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UNILAG centre seeks investment in housing

By Victor Gbonegun
25 May 2020   |   2:11 am
With housing taking a focal point in response to CoVID-19 pandemic, the Centre for Housing and Sustainable Development (CHSD), University of Lagos has advised the Federal Government to ensure investment in short-term housing.

With housing taking a focal point in response to COVID-19 pandemic, the Centre for Housing and Sustainable Development (CHSD), University of Lagos has advised the Federal Government to ensure investment in short-term housing.
CHSD observed that the success of public health measures in a pandemic situation is hinged on past actions of government in providing adequate housing.
The think-tank made the recommendation on the aftermath of a survey conducted to provide better understanding of how housing adequacy affects the ability of residents to protect themselves and their families from the pandemic and their capacity to adhere to public health measures in the prevention of community spread.

The survey was conducted through on-line platform in April with 453 respondents providing information on their lived experiences and coping strategies. The survey results highlighted some opportunities, and revealed key areas of concern.
The study suggested a post-lockdown neighbourhood regeneration that encompasses home improvement schemes, drilling down of public health measures to ensure the participation of formal community networks such as Community Development Associations (CDAs) and landlord as critical to ensure rooting of public enlightenment, and co- operation with government directives in low-income as well as high-density areas.
According to CHSD, there were concerns that lack of basic services, including constant water, electricity and security for all could undermine the stay at home measures. Asides, it stated that there was high account of limited direct benefits from government in terms of personal protective equipment like, facemasks, gloves, sanitizers and community fumigation exercises.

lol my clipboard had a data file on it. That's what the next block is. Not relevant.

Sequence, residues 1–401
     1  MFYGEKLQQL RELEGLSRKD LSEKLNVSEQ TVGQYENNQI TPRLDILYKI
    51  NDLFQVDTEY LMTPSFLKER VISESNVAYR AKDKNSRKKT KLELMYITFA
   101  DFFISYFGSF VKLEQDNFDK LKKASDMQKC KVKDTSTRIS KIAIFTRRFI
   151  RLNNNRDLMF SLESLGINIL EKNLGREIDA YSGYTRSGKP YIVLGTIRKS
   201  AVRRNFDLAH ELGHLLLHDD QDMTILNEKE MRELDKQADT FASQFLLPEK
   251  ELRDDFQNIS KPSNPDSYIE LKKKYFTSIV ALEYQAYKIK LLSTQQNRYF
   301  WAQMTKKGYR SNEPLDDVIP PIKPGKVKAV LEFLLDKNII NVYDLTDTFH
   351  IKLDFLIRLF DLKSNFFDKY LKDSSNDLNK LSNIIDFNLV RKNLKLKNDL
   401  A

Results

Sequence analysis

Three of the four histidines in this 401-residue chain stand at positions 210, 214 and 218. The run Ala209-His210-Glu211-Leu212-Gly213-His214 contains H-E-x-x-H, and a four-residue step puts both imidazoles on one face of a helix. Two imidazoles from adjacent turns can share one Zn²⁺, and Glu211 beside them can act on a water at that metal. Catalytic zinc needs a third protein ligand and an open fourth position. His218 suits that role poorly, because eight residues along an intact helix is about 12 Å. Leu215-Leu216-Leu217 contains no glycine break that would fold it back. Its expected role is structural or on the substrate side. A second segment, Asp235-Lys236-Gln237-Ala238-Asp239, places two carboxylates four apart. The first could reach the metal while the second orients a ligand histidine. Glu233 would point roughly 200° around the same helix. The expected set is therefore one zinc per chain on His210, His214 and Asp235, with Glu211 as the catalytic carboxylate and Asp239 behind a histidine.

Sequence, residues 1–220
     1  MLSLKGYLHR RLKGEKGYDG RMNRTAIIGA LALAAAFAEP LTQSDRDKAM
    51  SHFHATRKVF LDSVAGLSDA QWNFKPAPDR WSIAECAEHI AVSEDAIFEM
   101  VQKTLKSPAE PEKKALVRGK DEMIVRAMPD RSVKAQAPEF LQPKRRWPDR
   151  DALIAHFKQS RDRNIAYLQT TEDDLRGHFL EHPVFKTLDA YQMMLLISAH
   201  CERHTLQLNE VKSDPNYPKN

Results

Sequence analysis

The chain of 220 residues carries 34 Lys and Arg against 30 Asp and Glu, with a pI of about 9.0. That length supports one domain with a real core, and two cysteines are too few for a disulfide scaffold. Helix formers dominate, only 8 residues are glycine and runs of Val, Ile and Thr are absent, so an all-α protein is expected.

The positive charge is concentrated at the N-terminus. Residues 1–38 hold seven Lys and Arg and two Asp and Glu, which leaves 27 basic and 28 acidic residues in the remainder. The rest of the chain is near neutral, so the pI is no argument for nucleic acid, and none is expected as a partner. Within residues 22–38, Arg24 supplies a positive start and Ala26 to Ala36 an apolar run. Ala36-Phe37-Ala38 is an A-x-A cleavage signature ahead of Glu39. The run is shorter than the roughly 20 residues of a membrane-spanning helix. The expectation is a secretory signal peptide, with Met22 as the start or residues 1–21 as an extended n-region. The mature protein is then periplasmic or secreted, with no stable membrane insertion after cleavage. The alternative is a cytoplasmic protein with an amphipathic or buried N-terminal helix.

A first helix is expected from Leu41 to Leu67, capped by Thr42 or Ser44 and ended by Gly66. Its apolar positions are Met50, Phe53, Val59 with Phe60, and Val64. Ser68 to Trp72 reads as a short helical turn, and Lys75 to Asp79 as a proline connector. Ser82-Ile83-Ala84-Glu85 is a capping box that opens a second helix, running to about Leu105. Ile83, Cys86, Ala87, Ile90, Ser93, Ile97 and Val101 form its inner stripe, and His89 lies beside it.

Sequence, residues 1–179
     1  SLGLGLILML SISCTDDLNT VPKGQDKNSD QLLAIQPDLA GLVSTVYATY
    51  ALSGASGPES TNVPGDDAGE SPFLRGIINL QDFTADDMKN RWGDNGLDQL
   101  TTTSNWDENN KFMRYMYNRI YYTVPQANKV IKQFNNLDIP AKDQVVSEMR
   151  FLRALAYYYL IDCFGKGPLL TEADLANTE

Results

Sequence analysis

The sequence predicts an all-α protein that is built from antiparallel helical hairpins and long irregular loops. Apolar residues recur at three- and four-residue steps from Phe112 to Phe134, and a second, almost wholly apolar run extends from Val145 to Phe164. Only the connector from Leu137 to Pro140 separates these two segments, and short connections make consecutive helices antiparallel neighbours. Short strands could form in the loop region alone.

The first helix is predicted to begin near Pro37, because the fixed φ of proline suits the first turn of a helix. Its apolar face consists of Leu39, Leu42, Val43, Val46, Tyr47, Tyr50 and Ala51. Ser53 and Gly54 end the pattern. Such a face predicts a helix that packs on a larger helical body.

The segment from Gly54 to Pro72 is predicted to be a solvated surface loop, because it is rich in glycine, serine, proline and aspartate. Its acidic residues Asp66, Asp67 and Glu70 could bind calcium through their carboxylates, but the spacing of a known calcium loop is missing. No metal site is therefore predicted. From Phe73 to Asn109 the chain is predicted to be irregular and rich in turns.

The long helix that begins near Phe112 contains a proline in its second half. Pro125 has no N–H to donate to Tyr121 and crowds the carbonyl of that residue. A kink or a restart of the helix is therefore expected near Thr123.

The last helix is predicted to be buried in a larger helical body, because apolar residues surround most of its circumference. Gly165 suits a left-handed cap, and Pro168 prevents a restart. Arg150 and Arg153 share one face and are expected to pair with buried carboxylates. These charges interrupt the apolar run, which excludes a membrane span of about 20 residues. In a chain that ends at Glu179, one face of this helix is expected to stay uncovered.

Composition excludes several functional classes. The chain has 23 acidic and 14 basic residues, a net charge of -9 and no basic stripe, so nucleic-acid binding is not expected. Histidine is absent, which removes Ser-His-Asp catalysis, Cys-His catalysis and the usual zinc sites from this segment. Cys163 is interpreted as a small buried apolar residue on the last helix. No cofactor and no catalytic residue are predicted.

The centre asked state governments to devolve care to the local governments, ensure community preparedness training and mobilization, community based health officers and their care, PPE distribution centres, testing centres, provide mobile public service announcements and identification of existing facilities that could be converted to (micro-level) neighbourhood based self-isolation centres.
The organisation further advised that the Consumers Protection Council (CPC), should have its task force on ground in order to monitor the prices of basic food items, to protect against inflation of prices.

“For people of predominantly professional class, with better housing conditions than most others, only 36 per cent indicated they had a spare room in their homes to dedicate to self-isolation. For residents who have up to eight people in their households, with one habitable room, there is no recourse to self-isolation in the home should the need arise, and this presents a high risk of community spread from the individual to family members and then neighbours,” according to CHSD Coordinator, Dr. Basirat Oyalowo.

“For salaried workers in government and private sector, the provision of (at least) one-month salary advance would improve ability to provide food and other supplies for themselves, reducing the dependency and expectation for government provision. Longer-term interventions will be explored after further analysis of data,” she said.
CHSD said, “At 94 per cent in agreement, there is a high level of alignment with the ‘Stay at Home Measure’, which the government can optimise for more effective management of the Pandemic. Most respondents knew to call the emergency help lines of either the Lagos State Government or the NCDC. A good proportion also knew the major symptoms of the disease, the need to maintain physical distance and also to go into self-isolation if showing symptoms.

“This shows that the efforts of the government in public enlightenment have been relatively effective thus far. There is an appallingly low rate of community preparedness, with only 10 per cent reporting knowledge of preparedness by their community and these are typically residents of housing estates. The most common practice is temperature checks and use of sanitisers at entry point.”